Here is our second monthly list of "Six Startups to Watch," drawn from the more than 1,000 insurtechs we're now tracking at our Innovator's Edge site. They tackle some of the biggest issues facing insurers, and, while we all know that most startups fail, are unusually well-positioned for success, we believe. In the interests of variety, to make sure we expose you to an intriguing variety of startups, we don't repeat any of those we put on last month's list.
Without further ado, we suggest you keep a close eye on:
Windward. The short description of this Tel Aviv company is: telematics for ships. There is a lot of ocean out there, and a lot of traffic on it, but there isn't always great information about what goes where. Sometimes, that is by design—ships will turn off their GPS trackers as they pass troubled areas, becoming what are known as "ghost ships." Well, if a ship registered in Iran goes dark as it spends a few days off the coast of Libya, then heads to a major population center such as London, an insurer might want to know that. It certainly would like to be sure that all relevant authorities can track any suspicious activity in this day and age. So, Windward pulls together a moment-by-moment history for each vessel that operates at sea, for use in insurance and a number of other industries.
In many ways, I've been waiting for Windward for a decade, since I met Mike Mullen at a conference where we both were speaking. Mullen was the chief naval officer for the United States at that point, soon to be appointed to the first of two terms as chairman of the Joint Chiefs of Staff, and we spent some time talking about a vision he had for a "1,000-ship navy." The U.S. has the world's biggest navy but doesn't come close to 1,000 ships—about 275 are in service—so Mullen was really talking about ways to coordinate the activities of most of the world's navies, to tackle problems like Somali pirates. More broadly, he was envisioning the sort of detailed mapping of ocean traffic that Windward is attempting. I wish it smooth sailing.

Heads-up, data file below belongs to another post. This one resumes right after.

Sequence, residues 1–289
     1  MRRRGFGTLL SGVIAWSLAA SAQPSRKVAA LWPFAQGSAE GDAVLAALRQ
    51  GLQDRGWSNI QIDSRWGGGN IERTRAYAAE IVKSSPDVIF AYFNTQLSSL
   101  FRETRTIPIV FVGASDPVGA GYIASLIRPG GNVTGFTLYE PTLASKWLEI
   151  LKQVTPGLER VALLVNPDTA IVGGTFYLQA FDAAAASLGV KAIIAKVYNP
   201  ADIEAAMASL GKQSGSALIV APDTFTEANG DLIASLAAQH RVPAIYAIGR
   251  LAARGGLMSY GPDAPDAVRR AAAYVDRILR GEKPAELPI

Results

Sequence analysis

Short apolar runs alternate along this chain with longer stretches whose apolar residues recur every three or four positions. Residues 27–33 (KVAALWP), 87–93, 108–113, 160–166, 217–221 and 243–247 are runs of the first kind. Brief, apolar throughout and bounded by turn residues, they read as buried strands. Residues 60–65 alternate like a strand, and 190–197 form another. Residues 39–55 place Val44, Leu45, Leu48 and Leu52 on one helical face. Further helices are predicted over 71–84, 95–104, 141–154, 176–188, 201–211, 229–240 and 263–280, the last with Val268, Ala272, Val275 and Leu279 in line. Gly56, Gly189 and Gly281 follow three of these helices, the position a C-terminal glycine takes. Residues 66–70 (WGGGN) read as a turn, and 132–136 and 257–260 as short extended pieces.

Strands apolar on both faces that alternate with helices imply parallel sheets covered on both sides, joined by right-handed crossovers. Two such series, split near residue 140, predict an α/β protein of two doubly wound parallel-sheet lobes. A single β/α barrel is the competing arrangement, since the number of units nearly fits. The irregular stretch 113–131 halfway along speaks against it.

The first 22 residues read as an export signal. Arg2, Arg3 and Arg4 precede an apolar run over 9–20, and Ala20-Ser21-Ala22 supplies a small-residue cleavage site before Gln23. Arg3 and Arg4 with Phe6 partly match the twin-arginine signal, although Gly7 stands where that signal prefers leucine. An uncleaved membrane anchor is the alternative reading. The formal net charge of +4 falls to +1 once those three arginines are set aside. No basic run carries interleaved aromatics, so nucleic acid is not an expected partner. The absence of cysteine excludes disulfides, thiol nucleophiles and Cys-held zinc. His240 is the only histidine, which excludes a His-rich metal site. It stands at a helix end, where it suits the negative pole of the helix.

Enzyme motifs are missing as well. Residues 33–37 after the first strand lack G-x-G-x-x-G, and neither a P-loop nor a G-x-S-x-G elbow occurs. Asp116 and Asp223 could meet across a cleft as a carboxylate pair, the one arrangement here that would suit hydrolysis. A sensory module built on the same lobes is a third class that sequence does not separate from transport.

Ladder Life. The company has rethought life insurance from the ground up, to make the process simple and quick, to cut fees, etc.—basically to tackle all the problems that have made life insurance sales languish. It recently launched in its first market: California.
RiskGenius. The company uses artificial intelligence to analyze policies. It can spot coverage gaps, identify wording that has resulted in litigation and generally help insurers and brokers to find the best policy language to protect their interests.
Infinilytics. It provides analytics for handling claims, with two major benefits. Infinilytics fast tracks valid claims, removing frustration for customers during the process that insurers refer to as "the moment of truth." The analytics also spot questionable claims for more investigation.
ViewSpection. This is a DIY digital inspection app that property owners can use to generate a complete tour as they apply for insurance, or that an agent can use. The app immediately gives underwriters the details they need, which removes the cost for an inspection and speeds the process, removing a frustration for the customer. (Yes, there is a theme here.)
RiskAdvisor. It provides a comprehensive risk profiling tool that brokers and insurers can use with corporate clients and prospects. The tool draws from a library of many thousands of possible questions to generate a list of risk issues, including enterprise risks, that are relevant to a company of that size, in that industry, in that geography, etc.
I hope you find these insurtechs as intriguing as I do. If you are an insurance provider interested in what makes these companies worth noting, you should join Innovator's Edge for an in-depth look at these and other startups. We'll share more next month, from our ever-growing list.
Several of our startups to watch will be on hand at next week's Global Insurance Symposium in Des Moines, Iowa, along with my ITL colleagues Dave Dias and Paul Winston. If you are able to attend, you can learn first-hand about their innovations.
Paul Carroll, Editor-in-Chief